Mother-of-3 receives new immunotherapy cancer treatment


Emily Dumler stopped planning the rest of her life – or even her year – after two failed cancer treatments left the mother-of-three, then just 34, with six months to live. 

But the failure of the second treatment became the best thing that could have happened to her, qualifying Emily to become only the third person in the world to receive an experimental immunotherapy that saved her life. 

Emily, of Kansas City, Missouri, was diagnosed with stage three non-Hodgkin’s lymphoma in October 2013. 

Now, at 36, she has been in remission for over two years and said that immunotherapy saved her life and is the ‘future of medicine, but it isn’t a walk in the park.’

Emily Dumler was 32 years old when she was diagnosed with non-Hodgkin's lymphoma in October 2013. Pictured: Emily, left, and her husband Scott, right, in May 2013

Emily Dumler was 32 years old when she was diagnosed with non-Hodgkin's lymphoma in October 2013. Pictured: Emily, left, and her husband Scott, right, in May 2013

Emily Dumler was 32 years old when she was diagnosed with non-Hodgkin’s lymphoma in October 2013. Pictured: Emily, left, and her husband Scott, right, in May 2013

Emily had multiple unsuccessful cancer treatments, including chemotherapy, before she signed up for the immunotherapy clinical trial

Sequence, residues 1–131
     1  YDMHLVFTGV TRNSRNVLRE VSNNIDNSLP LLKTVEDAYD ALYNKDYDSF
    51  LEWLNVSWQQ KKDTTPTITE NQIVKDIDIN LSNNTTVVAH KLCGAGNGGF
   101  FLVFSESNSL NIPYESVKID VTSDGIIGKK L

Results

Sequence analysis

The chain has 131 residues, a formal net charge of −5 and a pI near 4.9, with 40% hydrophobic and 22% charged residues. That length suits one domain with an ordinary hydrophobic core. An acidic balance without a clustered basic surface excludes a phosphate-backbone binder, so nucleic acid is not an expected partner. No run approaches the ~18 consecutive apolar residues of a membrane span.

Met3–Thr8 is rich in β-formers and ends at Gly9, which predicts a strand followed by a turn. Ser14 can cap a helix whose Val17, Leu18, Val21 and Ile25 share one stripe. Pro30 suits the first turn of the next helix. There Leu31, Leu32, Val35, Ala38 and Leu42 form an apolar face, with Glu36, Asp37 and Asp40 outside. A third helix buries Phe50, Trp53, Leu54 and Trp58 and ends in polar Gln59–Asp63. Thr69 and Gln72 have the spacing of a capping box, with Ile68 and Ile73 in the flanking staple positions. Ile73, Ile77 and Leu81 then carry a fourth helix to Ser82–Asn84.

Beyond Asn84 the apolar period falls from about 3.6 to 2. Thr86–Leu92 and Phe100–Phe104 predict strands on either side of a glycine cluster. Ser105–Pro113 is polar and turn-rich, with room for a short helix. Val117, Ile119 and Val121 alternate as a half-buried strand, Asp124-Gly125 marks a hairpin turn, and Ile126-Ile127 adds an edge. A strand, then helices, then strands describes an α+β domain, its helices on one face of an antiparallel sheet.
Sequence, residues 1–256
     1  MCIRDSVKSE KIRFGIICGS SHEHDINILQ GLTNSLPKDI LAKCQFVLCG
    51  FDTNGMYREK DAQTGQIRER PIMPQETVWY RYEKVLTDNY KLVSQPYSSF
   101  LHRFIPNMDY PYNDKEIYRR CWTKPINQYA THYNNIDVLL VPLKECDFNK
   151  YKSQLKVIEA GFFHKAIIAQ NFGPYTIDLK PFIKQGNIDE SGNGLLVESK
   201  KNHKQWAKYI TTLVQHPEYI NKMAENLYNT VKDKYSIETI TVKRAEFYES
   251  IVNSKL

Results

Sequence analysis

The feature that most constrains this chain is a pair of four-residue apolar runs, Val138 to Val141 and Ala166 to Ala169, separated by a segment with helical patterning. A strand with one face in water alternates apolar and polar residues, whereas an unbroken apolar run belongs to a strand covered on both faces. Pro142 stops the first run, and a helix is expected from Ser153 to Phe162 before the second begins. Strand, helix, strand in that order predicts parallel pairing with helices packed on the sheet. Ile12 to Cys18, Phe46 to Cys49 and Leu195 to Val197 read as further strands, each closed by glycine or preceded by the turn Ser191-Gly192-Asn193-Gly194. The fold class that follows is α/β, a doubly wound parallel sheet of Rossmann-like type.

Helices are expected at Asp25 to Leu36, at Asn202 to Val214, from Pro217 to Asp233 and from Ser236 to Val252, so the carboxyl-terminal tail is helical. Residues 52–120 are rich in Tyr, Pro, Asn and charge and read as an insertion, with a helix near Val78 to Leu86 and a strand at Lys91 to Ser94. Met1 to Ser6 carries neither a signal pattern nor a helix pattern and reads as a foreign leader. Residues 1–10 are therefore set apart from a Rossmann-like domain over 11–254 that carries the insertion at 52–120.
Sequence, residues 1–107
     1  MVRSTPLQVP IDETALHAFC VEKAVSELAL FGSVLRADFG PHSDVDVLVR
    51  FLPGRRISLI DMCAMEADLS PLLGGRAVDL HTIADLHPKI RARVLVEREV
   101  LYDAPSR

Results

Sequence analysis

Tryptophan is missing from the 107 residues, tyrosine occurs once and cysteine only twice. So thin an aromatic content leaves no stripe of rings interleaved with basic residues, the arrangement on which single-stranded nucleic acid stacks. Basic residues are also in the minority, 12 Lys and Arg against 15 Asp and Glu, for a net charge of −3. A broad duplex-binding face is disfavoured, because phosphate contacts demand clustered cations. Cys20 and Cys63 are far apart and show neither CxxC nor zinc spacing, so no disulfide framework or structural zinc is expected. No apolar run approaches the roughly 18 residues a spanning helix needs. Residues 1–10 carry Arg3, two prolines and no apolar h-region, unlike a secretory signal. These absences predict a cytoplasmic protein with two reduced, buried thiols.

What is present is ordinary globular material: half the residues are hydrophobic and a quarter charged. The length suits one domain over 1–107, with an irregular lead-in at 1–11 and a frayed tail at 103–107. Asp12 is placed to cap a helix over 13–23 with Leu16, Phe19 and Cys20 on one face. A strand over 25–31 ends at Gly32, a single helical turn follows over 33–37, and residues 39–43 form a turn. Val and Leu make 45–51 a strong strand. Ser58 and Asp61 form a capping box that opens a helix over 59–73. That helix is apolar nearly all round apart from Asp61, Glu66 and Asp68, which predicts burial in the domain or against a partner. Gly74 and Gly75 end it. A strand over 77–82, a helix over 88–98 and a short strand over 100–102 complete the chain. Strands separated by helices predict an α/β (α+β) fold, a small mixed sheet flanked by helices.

Emily had multiple unsuccessful cancer treatments, including chemotherapy, before she signed up for the immunotherapy clinical trial

Emily had multiple unsuccessful cancer treatments, including chemotherapy, before she signed up for the immunotherapy clinical trial

‘It’s really weird to think I’m a cancer survivor.’ Emily told Daily Mail Online.

‘You never really think a cancer diagnosis will happen to you.’ 

Symptoms of non-Hodgkin’s lymphoma include fever, enlarged lymph nodes, weight loss, and shortness of breath. However, Emily didn’t experience any of those symptoms.

‘I had no signs,’ she said. ‘Not even one thing that I could pinpoint.’ 

Emily, who’s the director of religious education at Sacred Heart Church, said the only sign she had was an upset stomach, which occurred the day she was admitted to a local hospital.

However, Emily, who was at a friend’s house supervising a play date, knew something was wrong when she went to the bathroom and noticed a significant amount of blood in her stool.

Emily called her doctor, who urged her to go to the hospital.

She went to urgent care, thinking it would be a quick visit, but doctors kept her in the hospital for 43 days because she had immune thrombocytopenia purpura (ITP) – a condition characterized by low levels of platelets, blood cells that prevents bleeding.

‘This is a very serious condition,’ she said. ‘If you were to just slightly bump your head you can have internal bleeding.’ 

During that period of time, doctors performed a series of tests and treatments, including 50 blood transfusions, steroids, and a splenectomy, a procedure that removes the spleen. 

Emily at the Bahamas with her family in May 2013, five months before she was diagnosed with non-Hodgkin's lymphoma

Emily at the Bahamas with her family in May 2013, five months before she was diagnosed with non-Hodgkin's lymphoma

Emily at the Bahamas with her family in May 2013, five months before she was diagnosed with non-Hodgkin’s lymphoma

Emily was placed on chemotherapy to boost her platelet count in the hopes that this would help her blood to clot, preventing internal bleeding.